Land Rover Defender Review
This all-new Land Rover Defender represents the biggest shake-up in the model’s 72-year history. It comes packed with more tech than ever before, but it’s also rather expensive.
This score is awarded by our team of expert reviewers after extensive testing of the car
What's not so good
Land Rover Defender: what would you like to read next?
If you think your job is stressful, imagine what it must have been like for Land Rover’s designers working on the all-new Defender – a modern interpretation of one of the most iconic cars of all time, beloved by many and with a cult following to rival that of the Beatles. No pressure, then…
At a glance, it looks like they’ve done a pretty good job. Rather than subtle changes like those on the latest Mercedes G-Class, the Land Rover Defender looks bang up-to-date while still harking back to the very first Land Rover from 1948.
Depending on which model you pick, you can get glossy metallic finishes – just the thing for stalking the streets of Kensington – or a rough-and-ready satin wrap that’ll fend off the worst some overgrown moorland can throw at it.
As with the iconic original, the new Land Rover Defender can be had in 90 (referring to the distance in inches between the front and rear wheels) or 110 guise, and with a plethora of optional accessories from protective body panels to a swamp-spec snorkel air intake.
Inside, the new Land Rover Defender retains its predecessor’s bench-style front seats – so even the shortest 90 model can accommodate six people – and practical rear load bay. The new Defender’s reinforced chassis means it’s even capable of carrying 900kg of luggage – that’s the weight of a small car!
If you’re looking for a seriously capable off-roader that won’t look out of place parked outside a five-star hotel, the Land Rover Defender is well worth a look.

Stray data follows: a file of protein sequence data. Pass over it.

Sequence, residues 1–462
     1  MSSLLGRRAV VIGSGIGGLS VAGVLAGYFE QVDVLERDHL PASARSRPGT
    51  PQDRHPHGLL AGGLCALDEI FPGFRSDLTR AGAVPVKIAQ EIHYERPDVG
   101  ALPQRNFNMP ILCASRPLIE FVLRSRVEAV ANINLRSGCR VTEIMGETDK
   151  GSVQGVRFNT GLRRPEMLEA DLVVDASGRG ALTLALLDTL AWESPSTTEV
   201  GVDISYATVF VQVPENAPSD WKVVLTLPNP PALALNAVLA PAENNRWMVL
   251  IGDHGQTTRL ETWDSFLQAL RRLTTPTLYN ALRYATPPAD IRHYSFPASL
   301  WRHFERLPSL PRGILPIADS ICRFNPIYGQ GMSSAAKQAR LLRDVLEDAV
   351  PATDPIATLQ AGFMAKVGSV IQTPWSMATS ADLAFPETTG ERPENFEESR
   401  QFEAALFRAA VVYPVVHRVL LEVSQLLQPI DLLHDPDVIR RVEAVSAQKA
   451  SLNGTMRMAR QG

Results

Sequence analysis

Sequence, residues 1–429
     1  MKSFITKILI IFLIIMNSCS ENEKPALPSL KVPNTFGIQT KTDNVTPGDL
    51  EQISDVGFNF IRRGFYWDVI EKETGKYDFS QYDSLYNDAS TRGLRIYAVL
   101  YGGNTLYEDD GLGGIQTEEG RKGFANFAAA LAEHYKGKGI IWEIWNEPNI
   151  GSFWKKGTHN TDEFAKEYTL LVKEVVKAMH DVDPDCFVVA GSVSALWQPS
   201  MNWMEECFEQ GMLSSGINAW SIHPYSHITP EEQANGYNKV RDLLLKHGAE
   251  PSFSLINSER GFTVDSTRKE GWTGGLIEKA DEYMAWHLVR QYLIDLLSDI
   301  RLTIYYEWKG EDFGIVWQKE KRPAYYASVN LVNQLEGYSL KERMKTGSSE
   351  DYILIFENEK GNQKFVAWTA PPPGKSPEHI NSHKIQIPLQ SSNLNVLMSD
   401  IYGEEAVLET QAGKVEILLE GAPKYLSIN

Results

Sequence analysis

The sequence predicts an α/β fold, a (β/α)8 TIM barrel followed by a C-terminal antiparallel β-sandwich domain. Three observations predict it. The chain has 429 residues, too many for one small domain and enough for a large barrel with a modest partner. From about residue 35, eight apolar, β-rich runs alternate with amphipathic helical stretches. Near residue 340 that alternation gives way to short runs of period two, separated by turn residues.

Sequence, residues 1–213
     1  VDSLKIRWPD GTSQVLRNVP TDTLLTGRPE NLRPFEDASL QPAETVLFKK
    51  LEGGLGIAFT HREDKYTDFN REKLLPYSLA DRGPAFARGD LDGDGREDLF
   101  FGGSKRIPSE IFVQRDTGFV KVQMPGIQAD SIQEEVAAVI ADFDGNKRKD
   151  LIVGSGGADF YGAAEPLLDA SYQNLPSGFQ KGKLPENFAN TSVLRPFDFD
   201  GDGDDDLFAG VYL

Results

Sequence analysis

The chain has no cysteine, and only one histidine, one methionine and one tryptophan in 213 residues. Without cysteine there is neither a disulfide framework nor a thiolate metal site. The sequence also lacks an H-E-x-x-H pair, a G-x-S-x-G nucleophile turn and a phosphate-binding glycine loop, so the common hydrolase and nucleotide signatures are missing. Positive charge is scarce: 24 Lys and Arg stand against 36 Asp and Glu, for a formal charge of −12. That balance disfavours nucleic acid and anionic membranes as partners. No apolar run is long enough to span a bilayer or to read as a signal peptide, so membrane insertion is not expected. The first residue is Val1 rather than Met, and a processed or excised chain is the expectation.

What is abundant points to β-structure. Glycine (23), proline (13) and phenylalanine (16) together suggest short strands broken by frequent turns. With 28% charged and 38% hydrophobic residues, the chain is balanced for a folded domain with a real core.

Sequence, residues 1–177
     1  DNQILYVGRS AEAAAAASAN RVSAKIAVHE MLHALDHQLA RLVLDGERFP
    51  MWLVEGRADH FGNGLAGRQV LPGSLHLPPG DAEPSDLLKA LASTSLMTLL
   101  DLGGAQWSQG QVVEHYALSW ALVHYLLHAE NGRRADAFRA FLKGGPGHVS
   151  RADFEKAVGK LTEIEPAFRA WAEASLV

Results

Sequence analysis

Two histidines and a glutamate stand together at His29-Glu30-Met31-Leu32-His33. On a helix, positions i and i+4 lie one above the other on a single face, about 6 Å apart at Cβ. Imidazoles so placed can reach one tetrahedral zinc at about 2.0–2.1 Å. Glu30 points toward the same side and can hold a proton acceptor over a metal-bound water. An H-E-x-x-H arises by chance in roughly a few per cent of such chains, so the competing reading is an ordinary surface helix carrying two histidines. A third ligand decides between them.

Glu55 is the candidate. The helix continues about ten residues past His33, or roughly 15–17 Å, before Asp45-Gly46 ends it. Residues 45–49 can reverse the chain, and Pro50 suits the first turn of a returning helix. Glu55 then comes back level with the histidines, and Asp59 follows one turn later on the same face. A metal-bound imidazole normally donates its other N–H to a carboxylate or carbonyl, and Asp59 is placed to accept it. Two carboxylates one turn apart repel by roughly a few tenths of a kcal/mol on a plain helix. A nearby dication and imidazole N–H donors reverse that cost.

It’s not all about load-lugging, however. You’ll spot plenty of high-tech upgrades designed to make this new Defender easy to live with every day. The central infotainment display gets Apple and Android smartphone mirroring and a reconfigurable digital driver’s display takes the place of conventional analogue dials.
Land Rover’s engineers have kept themselves busy under the new Defender’s bonnet, too. It comes with two diesel engines and two petrol engines (one of which comes with a fuel-saving mild-hybrid system), an eight-speed automatic gearbox and – you guessed it – four-wheel drive as standard.
All this means the Land Rover Defender can tow a 3,500kg trailer and wade through water 90cm deep – that’s more than even the uber-rugged Jeep Wrangler can manage.
You also get plenty of high-tech driver-assistance systems that’ll help a complete novice tackle tricky off-road trails like a seasoned pro and a suite of active safety systems designed to help prevent avoidable collisions on the road.
If pottering around town rather than storming through mud-covered woodland is more your bag, you’ll soon be able to buy a plug-in hybrid Land Rover Defender that’ll be capable of slinking along almost silently for around 30 miles between charges.